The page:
Governor Newsom Releases the Master Plan for Early Learning and Care: California for All Kids
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Master Plan outlines a roadmap for building comprehensive and equitable early learning system over the next decade

The Master Plan builds on more than $500 million in federal funds allocated by the Governor and Legislature to increase access to child care vouchers, waive family fees and support the child care workforce with PPE

Recommendations include expanding access to paid family leave, providing universal preschool for all 4-year-olds and income eligible 3-year-olds and prohibiting suspensions and expulsions in subsidized early learning programs


SACRAMENTO — Building on his commitment to supporting the state's young children and their families, Governor Gavin Newsom today announced the release of the Master Plan for Early Learning and Care: California for All Kids, which provides a strong research-based roadmap for building a comprehensive and equitable early learning and care system over the next decade. The Plan will help the state better understand the crisis families, children and early learning and care providers are facing amid the COVID-19 pandemic and identifies key policy goals to ensure that all California children can thrive physically, emotionally and educationally in their early years through access to high-quality early learning and care programs. These goals include universal preschool, enhanced workforce development and equitable career pathways for educators and caregivers, and funding reforms to promote equitable access to high-quality early learning and care.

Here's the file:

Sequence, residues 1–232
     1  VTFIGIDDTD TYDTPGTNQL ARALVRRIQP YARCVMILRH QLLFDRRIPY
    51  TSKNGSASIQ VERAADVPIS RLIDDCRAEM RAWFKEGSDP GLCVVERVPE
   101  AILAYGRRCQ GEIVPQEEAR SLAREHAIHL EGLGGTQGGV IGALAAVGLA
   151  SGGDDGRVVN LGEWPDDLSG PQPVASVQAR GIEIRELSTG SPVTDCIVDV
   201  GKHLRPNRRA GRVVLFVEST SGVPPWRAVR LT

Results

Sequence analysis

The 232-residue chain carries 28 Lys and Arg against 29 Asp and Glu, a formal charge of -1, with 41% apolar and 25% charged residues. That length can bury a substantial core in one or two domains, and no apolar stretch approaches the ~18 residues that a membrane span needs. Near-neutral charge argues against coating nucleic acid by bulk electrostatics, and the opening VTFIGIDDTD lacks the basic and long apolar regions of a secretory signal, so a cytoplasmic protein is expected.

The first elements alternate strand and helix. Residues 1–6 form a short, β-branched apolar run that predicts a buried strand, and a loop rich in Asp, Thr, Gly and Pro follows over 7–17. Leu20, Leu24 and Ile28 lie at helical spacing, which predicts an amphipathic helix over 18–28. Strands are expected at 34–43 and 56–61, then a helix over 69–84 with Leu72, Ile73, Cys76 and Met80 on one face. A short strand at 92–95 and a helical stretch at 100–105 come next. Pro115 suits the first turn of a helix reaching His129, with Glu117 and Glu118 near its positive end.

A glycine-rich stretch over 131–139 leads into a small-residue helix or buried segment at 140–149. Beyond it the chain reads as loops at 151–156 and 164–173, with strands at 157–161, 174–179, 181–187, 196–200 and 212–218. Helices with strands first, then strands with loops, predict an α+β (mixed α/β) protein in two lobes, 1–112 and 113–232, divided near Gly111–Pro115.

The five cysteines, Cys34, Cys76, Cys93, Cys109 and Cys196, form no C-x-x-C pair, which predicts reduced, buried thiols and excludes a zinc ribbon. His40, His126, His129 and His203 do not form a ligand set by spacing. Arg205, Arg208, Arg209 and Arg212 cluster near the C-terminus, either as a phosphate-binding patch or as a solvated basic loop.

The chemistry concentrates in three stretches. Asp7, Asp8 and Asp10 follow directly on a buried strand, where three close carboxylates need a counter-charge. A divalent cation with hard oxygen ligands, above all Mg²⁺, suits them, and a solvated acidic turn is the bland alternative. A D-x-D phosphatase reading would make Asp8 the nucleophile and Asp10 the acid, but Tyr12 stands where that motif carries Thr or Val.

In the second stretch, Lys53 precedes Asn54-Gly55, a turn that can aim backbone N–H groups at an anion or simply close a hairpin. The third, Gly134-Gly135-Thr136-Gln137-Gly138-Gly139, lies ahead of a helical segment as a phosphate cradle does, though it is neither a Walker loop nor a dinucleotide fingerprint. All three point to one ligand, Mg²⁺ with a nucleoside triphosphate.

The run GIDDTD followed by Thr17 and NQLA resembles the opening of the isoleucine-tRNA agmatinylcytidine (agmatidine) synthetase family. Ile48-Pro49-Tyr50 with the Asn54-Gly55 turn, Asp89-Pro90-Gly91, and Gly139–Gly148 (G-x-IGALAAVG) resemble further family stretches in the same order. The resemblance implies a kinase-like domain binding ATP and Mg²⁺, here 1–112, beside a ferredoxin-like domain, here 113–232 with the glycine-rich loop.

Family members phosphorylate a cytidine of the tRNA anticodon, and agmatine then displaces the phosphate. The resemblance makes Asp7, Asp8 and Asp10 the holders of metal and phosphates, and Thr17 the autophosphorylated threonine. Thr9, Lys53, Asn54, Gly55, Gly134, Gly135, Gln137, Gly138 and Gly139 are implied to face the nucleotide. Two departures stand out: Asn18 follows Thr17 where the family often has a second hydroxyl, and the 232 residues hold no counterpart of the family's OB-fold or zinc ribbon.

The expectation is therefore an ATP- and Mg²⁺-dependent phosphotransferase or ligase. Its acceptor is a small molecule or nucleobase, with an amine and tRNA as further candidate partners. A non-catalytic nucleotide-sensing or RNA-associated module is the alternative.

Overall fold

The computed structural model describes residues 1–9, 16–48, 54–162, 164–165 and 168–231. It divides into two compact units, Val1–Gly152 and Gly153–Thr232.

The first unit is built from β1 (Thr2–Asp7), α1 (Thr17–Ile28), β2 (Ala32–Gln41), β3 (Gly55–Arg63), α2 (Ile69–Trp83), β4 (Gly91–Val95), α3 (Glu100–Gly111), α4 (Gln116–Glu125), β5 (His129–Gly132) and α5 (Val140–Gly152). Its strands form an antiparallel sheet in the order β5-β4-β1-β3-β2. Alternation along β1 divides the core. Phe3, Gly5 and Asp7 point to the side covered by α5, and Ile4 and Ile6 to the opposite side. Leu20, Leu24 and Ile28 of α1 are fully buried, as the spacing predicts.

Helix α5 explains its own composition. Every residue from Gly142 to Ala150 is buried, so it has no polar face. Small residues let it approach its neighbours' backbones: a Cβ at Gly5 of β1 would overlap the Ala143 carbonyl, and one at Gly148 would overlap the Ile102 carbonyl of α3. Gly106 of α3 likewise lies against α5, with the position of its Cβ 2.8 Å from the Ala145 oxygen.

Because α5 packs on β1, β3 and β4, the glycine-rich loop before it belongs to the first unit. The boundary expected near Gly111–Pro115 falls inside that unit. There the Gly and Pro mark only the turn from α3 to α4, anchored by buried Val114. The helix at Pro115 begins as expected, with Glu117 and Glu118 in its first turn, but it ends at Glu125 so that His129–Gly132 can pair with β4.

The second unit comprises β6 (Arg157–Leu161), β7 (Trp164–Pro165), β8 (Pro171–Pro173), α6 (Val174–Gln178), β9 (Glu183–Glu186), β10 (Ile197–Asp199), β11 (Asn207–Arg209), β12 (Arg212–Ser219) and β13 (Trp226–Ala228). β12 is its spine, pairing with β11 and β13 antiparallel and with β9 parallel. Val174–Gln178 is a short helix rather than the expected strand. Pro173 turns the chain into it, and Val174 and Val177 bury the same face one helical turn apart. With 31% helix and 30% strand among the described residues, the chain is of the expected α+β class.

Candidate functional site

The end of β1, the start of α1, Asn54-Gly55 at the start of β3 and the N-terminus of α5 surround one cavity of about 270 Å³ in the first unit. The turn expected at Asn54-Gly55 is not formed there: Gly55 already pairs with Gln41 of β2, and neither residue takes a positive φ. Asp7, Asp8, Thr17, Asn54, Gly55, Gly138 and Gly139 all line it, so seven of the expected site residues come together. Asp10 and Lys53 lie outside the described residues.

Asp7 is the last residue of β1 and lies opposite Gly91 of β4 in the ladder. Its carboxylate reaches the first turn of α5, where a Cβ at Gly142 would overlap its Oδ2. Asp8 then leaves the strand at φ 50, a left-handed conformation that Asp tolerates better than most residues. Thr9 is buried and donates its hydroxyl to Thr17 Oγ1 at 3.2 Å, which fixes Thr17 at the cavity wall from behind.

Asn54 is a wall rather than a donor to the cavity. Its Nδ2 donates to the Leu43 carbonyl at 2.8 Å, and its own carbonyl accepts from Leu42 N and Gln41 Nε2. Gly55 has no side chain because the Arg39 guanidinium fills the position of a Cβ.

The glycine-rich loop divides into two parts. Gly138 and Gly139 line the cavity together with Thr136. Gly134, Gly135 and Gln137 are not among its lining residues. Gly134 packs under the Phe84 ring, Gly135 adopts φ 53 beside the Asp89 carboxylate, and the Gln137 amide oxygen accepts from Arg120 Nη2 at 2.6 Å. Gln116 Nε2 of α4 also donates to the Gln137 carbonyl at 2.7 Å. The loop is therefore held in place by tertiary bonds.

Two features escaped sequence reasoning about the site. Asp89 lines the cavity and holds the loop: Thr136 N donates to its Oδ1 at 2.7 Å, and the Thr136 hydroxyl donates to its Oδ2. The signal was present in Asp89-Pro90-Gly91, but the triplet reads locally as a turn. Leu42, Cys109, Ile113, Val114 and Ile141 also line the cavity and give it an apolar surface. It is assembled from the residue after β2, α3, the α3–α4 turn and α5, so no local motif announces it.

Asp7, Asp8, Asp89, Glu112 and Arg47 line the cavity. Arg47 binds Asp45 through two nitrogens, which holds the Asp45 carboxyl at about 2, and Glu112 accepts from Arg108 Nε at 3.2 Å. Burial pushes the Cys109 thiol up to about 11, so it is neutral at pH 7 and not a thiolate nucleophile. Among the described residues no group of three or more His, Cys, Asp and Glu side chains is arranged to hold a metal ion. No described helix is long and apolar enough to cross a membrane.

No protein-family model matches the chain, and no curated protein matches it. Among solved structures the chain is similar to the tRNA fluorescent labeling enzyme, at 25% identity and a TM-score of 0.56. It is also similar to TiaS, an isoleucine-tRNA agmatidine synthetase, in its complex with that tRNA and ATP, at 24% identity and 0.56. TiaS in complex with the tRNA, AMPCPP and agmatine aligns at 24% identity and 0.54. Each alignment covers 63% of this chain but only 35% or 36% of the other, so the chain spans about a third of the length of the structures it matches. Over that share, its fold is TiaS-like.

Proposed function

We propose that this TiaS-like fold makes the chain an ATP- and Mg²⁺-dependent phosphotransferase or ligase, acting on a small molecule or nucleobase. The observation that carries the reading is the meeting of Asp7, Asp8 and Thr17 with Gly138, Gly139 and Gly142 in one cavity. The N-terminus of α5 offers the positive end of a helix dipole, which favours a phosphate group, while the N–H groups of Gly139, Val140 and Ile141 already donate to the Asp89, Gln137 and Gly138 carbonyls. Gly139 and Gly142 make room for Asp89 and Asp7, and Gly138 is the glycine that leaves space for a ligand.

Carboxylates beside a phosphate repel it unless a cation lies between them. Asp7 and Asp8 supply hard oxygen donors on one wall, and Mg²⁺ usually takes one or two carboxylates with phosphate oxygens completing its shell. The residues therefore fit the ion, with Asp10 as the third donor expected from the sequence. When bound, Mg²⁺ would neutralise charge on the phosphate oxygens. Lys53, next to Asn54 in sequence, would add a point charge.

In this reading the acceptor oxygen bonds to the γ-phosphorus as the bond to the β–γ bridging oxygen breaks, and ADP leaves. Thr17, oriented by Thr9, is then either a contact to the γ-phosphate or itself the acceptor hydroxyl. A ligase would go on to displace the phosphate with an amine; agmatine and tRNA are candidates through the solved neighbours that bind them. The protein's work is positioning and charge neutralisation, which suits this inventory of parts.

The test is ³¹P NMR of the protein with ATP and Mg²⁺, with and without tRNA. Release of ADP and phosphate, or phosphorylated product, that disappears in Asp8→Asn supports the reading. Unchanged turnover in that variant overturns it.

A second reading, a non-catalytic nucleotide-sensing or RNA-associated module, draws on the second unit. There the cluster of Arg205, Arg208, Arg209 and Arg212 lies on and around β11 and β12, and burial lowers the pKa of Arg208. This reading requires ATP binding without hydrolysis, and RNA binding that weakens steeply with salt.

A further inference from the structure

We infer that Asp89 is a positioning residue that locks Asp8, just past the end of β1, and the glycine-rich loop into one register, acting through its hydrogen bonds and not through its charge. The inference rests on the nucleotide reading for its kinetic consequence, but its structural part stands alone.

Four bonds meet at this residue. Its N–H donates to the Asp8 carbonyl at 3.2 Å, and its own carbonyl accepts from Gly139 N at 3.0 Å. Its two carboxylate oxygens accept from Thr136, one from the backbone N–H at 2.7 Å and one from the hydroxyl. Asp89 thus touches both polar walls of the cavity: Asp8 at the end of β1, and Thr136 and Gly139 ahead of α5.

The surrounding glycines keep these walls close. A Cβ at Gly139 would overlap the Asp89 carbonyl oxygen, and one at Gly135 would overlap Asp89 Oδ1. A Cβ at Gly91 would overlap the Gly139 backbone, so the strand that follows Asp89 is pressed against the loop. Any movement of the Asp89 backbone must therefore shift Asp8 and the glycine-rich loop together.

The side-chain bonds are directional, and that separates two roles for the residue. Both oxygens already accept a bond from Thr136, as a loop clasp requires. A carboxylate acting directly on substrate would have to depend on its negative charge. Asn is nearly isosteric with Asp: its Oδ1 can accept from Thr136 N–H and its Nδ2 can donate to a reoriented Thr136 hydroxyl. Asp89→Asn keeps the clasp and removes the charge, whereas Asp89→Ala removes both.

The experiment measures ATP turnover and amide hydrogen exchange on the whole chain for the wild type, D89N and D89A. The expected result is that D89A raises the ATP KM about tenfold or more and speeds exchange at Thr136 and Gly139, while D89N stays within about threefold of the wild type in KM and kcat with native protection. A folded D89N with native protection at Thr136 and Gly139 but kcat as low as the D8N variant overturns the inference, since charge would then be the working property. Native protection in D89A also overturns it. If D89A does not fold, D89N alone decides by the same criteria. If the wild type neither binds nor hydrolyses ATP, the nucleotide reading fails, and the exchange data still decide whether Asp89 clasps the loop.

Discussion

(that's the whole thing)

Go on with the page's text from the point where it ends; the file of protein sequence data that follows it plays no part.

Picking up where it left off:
"Every child in California deserves a shot at opportunity," said Governor Newsom. "By investing in the development and learning needs of our kids, with a focus on equity, we are investing in the future of our state. The Master Plan for Early Learning and Care translates our aspirations into an actionable roadmap – one that centers on the success of our youngest Californians, their families and the communities and caregivers that lift them up."